Watch this video of Nikola boarding the helicopter:
“The helicopter ride was very bumpy," said Nikola. “It was also very scary. After everything I went through in 24 hours I was scared something would happen and the helicopter would go down.”
Payton said going in the helicopter was “cool” because she’s only ever been on a small plane once before.
“As soon as I saw a helicopter I thought I was in an action movie,” she said. “It felt it wasn’t real.”
But she said it also freaked her out a bit, especially because the helicopter had open doors and she was able to look down at the ground from above.
“[The mudslide] was way bigger than I expected it would be.”
She also saw parts of vehicles damaged by the slide.
“I saw a piece of a car door and like a whole car that turned to rubble,” she said. “It just got me shaking.”
Both girls were taken to nearby Agassiz and brought to a rescue centre, where they were given food, water and even colouring books and stuffies.
Payton’s mom and sister drove from home to get her and her dad.
“As soon as I got into the van with my mom and my sister and my dad, that’s when I realized what just happened,” she said.
“As soon as I was safe and with my family it just hit me. I could have been hurt.”
Payton and her family spent several days with her grandparents in Chilliwack before the roads reopened and they could go home.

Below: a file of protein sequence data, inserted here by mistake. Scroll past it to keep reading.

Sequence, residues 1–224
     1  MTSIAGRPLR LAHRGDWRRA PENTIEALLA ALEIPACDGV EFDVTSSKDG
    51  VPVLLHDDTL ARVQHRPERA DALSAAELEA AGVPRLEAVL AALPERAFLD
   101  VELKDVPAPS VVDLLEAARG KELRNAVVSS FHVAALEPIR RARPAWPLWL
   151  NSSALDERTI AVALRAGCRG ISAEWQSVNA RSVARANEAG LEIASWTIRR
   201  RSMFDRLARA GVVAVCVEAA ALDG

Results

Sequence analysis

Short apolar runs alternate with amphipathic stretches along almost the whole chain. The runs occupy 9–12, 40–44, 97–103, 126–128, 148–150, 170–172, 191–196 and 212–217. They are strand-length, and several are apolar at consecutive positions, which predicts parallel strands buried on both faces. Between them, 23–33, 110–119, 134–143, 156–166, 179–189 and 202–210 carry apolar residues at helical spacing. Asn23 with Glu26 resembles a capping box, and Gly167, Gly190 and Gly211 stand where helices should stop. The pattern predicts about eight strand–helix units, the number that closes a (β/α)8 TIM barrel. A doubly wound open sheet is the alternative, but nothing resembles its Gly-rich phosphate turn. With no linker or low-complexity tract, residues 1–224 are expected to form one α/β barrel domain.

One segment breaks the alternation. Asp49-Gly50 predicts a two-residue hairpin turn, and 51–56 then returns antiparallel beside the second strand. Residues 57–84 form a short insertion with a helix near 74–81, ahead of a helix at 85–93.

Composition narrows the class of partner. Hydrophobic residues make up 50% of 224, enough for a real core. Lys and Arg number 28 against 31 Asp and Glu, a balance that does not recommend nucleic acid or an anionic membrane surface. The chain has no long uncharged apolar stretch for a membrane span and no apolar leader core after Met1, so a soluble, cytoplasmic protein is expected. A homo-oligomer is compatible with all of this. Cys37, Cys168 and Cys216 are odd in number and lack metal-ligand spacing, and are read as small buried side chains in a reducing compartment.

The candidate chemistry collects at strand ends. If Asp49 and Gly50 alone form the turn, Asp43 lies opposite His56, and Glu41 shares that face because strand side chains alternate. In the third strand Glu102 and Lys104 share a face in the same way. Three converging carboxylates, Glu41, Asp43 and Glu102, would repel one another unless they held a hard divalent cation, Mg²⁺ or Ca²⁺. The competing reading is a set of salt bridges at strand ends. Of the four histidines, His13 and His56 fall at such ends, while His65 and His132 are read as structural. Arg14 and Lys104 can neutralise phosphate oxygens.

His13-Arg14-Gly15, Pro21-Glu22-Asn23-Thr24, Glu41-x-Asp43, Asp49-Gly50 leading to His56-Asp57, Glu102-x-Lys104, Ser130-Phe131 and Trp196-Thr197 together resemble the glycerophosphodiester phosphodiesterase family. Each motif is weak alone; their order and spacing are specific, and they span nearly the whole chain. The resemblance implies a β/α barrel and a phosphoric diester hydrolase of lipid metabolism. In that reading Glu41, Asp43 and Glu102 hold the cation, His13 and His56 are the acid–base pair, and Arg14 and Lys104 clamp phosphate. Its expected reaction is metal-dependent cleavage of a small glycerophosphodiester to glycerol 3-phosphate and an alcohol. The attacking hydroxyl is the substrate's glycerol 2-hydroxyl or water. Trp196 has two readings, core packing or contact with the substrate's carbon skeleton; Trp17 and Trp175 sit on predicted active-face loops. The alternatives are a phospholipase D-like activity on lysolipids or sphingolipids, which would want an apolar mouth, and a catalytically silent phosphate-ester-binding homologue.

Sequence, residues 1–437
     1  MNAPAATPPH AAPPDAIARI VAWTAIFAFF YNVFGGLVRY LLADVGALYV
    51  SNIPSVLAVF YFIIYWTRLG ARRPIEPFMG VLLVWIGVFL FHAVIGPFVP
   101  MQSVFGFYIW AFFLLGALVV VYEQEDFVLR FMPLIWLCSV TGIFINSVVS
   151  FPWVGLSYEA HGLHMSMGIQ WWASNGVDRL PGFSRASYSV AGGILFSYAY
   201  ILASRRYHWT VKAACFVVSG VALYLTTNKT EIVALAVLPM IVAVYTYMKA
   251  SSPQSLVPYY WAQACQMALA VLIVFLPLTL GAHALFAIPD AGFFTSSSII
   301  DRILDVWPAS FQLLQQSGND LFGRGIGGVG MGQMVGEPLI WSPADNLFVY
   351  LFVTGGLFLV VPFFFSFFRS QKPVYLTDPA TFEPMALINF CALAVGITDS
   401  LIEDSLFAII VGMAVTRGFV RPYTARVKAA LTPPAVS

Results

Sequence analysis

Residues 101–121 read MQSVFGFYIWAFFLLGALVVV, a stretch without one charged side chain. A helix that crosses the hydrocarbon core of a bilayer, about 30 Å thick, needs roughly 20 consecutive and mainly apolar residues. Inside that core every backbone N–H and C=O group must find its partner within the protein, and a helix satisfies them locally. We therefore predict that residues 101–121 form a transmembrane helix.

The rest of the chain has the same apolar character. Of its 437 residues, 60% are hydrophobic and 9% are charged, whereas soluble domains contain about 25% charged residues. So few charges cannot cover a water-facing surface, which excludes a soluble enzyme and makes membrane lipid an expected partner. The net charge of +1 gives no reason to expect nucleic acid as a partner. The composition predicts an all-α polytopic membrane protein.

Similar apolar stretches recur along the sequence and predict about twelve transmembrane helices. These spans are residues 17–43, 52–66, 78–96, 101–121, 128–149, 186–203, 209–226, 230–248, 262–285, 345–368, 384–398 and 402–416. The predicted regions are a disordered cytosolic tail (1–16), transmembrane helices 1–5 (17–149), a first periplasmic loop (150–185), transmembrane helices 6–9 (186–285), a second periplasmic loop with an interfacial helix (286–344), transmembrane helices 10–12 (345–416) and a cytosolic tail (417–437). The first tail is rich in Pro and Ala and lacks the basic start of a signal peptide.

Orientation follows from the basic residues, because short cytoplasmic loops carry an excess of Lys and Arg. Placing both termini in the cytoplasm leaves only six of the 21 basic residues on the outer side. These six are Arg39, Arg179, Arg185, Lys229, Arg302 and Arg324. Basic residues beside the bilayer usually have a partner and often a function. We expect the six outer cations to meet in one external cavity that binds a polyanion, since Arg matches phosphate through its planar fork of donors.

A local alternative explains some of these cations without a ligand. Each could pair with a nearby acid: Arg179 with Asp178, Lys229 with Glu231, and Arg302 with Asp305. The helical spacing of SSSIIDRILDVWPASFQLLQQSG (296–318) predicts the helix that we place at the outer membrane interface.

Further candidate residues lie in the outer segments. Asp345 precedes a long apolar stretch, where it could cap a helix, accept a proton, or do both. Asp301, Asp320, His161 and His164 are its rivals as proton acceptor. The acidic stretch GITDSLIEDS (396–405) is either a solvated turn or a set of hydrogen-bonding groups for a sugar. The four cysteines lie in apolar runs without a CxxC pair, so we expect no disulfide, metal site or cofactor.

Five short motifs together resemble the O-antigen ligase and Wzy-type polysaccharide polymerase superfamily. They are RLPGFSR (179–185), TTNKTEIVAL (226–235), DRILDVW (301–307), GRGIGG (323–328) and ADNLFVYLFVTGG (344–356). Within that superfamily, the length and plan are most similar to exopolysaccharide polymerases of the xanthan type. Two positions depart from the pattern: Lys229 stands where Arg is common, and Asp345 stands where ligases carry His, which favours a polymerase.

Nikola and her mom were dropped off in Chilliwack by a volunteer and a friend picked them up.
Since then, both families have been able to get their cars back.
How to stay safe in your car
Both Payton and Nikola had some of the right things in their cars to help keep them safe and hydrated, like scissors, knives and water bottles.
Payton also had blankets.
And Nikola had a back-up battery for a cell phone.
The Government of Canada recommends people have the following items in their cars in case of an emergency:
- Candle in a deep can and matches.
- Extra clothing and shoes.
- First aid kit with seatbelt cutter.
- Flashlight (crank or battery-powered). Replace batteries once a year.
- Food that won't spoil (such as energy bars).
- List of contact numbers.
- Radio (crank or battery-powered). Replace batteries once a year.
- Small shovel, scraper and snowbrush.
- Warning light or road flares.
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With files from CBC News